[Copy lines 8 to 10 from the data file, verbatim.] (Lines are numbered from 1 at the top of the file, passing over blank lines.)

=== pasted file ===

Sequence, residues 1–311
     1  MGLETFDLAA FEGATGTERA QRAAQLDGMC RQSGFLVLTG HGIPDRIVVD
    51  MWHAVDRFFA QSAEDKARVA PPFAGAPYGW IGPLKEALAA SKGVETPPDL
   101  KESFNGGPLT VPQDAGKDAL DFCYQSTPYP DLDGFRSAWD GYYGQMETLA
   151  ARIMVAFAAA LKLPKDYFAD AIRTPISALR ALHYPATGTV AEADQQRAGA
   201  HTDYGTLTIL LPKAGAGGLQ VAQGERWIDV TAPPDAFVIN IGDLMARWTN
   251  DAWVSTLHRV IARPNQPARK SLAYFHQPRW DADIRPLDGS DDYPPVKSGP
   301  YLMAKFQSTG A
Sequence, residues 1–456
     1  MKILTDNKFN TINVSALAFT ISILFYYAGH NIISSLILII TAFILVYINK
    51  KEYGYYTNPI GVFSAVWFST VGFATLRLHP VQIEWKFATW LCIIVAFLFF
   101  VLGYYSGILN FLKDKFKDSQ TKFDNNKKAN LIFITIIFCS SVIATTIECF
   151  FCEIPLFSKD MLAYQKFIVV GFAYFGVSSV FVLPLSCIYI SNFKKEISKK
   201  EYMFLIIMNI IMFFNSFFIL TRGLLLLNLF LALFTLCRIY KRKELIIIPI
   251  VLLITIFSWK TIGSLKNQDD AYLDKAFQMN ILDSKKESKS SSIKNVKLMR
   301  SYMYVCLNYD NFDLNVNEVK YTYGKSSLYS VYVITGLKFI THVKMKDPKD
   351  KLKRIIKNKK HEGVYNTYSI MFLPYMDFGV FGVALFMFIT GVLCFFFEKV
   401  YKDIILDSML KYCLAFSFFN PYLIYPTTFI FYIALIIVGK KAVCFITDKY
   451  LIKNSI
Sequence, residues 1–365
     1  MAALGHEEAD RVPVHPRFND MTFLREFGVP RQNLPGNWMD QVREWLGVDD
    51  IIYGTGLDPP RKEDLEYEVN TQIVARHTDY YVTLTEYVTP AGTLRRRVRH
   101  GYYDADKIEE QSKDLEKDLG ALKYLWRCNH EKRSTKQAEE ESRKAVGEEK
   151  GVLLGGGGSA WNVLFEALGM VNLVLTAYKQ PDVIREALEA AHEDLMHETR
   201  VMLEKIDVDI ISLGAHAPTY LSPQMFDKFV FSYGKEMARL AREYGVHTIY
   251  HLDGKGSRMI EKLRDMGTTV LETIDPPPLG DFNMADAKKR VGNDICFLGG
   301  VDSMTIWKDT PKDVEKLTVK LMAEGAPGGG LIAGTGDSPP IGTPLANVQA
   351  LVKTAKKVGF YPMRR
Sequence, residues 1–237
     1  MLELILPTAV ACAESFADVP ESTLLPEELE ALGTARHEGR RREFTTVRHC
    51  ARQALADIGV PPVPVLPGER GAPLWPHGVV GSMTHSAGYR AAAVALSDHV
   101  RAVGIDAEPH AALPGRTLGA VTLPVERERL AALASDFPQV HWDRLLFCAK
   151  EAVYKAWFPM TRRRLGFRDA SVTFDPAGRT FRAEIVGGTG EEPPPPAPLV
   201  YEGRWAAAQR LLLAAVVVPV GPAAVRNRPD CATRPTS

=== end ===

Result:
   301  YLMAKFQSTG A
Sequence, residues 1–456
     1  MKILTDNKFN TINVSALAFT ISILFYYAGH NIISSLILII TAFILVYINK